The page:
Tuesday, October 28, 2014

Dunkin Donuts < Krispy Kremes < The Spirit

Last Monday for district meeting I was able to give a training on the role of the Holy Ghost in missionary work. As a district, we were discussing ways that we can invite the Spirit more in our lessons. One member of the district brought up how singing hymns invites the Spirit so we set a goal to have 10 lessons that we sing in. For us that is a big deal because we don't have any singers in the district so it would basically be us embarrassing ourselves 10 times. As a district, we went out this last week and we crushed our goal.... by one... we were able to get 11. As Elder Judd and I sang with people, although our voices aren't great, we weren't even embarrassed once. The hymns really do invite the Spirit. The excuse of "I don't have a good voice" is never a valid reason to not sing the hymns at church. Don't do it folks. 

We are working with a less active who works at Dunkin Donuts and he hooks us up with free donuts. I've already gained 20 pounds since I've been here in Middletown. Jk I'm only kidding. However, if New York ever decided to invest in a real donut place like Krispy Kremes we could have a problem on our hands. 

Us missionaries went over to help a lady in the ward who has recently moved back to the house that she grew up in. Her parents have both passed away and so she wants to go back to her childhood house and fix it up. Cute story right? Well it would be but her father grew up during the depression and that influenced him to keep everything, even if it was useless. He was a hoarder. We went over there and for a couple hours we went through junk piles in the backyard. We found some crazy stuff in there. We found bowling balls, 4 sinks, a toilet, dozens of old leather shoes, and huge old glass bottles that looked like they could've stored moonshine at some point. We didn't nearly finish and won't finish for a while. Missionaries have been going over there for a couple months now. It was an adventure going through all that stuff. It felt good to be able to help out too.

Thursday we were supposed to have an appointment. We drove on up to the house and our hopes were shot when the house was dark. We knocked on the door anyway aaaaaaannnnddd nothing. We had just done been juked out of our missionary cleats. As we walked away from the door, we muttered to ourselves the two words that all Mormon missionaries say frequently, "flip elder." Our backup plan was a less active lookup and that guy wasn't home either. Our backup plan had fallen through, and we still had an hour before it was time to go back home. We were wondering what to do. After multiple more times of the words "flip elder" escaping our lips we decided to go visit a potential investigator who missionaries had talked to a couple times but never have been able to get a lesson with him. We drove on over to his street in our church issued Lamborghini (It’s really a Ford Fusion) while bumping rap music (by that, I mean EFY soundtracks). When we stepped out the Lambo there was a group of about 8 or so guys (20's, tall/strong, all African American) surrounding a car listening to rap music while sipping on booze and smoking joints. Our potential investigator was outside his house, not necessarily with the group of younger guys by the car, even though he knew them because they hang out on the block often. We went up and started talking to the potential. He is a good guy and the conversation quickly to turned to God. After a few minutes, one of the guys hanging out by the car walked the 50 feet or so over to the three of us and started listening. Then with a beer in his hand he asked us to start telling him what we believed, he said, "if you're out this late, what you have to say must be important." It was only 8 o clock but it had gotten dark, and when it gets dark here that's considered late and white people don't usually go out after the sun puts its shades on. He told us he had been told about God a thousand times but didn't really know if He was there, he said he didn't know what his purpose was here on Earth. We started teaching him that he can communicate with God through sincere prayer to know He is there. We taught him about what our church believes about our purpose here in life. He was interested and then started to confess to us things he has done wrong over the years and wanted to know how to be forgiven. This was music to our ears because obviously, repentance! We started telling him about how he can be forgiven for his mistakes. When we started to do this, something interesting happened. One by one the group of guys walked over and without a word being said they stopped and listened. The rap music that had been blaring from the car just seconds earlier was turned down. As Elder Judd and I talked to this group of guys, nobody spoke a word, they just listened. After we finished describing how to repent most of the guys walked back towards the car, still not saying a word. We kept talking to the original guy that approached us and when we talked he poured the rest of his beer out in the dirt. He was already letting the Gospel of Jesus Christ change him. We had to go at this point so we got his info and are going to try to talk to him in the future. I don't know if any of those other guys benefited from hearing us preach about repentance but it was cool to see that they came over just to hear what we had to say. Moments like that make the mission worth it.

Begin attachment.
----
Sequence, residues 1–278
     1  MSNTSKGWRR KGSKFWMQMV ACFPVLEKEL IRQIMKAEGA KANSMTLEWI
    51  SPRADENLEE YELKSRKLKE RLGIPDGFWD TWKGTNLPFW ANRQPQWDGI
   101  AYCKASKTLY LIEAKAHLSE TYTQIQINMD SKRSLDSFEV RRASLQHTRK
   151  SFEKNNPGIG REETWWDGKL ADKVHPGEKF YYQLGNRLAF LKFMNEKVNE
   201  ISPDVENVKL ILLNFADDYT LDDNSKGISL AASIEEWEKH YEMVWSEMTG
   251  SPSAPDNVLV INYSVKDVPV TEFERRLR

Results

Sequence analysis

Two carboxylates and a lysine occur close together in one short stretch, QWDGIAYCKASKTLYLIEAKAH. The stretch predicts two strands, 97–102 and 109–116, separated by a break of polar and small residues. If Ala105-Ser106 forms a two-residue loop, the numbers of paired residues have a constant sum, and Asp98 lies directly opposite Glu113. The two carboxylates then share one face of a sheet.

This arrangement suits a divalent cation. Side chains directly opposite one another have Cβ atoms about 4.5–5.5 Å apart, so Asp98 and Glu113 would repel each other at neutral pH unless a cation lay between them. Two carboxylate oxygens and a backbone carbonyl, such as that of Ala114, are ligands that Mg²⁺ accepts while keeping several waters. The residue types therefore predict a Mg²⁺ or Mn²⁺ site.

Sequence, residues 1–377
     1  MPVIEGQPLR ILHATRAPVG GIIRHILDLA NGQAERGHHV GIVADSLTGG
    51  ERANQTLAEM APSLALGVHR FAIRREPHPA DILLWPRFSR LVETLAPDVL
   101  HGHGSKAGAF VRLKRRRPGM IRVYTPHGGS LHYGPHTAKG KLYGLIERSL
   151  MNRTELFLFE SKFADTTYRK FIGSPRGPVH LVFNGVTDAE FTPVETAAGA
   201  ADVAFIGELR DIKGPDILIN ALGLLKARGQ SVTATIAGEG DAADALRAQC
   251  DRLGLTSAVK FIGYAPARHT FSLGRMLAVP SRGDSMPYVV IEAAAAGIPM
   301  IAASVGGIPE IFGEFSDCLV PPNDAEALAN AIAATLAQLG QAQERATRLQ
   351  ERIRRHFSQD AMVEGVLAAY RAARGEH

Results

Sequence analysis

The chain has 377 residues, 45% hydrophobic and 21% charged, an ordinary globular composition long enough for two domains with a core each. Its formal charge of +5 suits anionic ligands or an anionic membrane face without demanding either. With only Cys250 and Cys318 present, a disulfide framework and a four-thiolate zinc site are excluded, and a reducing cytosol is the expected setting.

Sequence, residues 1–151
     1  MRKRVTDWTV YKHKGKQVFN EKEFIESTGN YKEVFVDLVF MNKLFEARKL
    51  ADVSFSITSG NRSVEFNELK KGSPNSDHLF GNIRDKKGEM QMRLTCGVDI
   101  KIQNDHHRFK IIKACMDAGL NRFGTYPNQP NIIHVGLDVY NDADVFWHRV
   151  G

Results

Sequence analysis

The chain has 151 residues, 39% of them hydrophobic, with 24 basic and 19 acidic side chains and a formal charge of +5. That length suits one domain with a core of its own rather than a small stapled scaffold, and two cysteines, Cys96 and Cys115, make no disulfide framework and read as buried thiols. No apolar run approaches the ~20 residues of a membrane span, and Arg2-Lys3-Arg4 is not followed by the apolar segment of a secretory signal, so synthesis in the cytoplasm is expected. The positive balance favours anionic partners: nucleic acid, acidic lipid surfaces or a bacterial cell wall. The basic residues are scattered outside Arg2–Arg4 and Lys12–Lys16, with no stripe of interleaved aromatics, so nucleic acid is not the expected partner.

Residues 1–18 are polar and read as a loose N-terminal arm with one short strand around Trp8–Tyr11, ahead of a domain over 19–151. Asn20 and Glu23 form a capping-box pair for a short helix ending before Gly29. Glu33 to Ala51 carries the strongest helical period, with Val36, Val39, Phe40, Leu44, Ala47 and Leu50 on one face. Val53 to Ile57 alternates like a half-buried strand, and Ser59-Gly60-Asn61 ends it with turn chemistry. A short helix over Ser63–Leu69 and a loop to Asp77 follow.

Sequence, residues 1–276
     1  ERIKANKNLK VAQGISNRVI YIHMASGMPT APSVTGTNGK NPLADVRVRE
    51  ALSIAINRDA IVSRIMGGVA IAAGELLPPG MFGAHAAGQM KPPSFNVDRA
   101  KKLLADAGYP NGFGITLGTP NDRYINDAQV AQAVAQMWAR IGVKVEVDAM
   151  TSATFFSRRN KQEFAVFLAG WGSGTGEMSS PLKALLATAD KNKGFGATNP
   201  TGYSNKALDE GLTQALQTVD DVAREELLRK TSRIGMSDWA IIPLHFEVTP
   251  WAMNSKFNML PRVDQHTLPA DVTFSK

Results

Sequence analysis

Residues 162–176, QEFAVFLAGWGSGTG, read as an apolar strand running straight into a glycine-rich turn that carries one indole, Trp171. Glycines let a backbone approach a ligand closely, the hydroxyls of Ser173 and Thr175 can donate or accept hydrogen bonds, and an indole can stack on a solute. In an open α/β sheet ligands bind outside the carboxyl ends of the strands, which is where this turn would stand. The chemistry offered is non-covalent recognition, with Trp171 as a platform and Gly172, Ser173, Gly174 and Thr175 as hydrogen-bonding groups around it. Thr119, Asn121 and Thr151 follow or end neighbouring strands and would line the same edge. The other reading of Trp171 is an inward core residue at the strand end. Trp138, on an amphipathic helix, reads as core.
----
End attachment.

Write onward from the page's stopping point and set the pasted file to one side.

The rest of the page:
L8er Sk8erzzz 
Elder Tyler J Johanson

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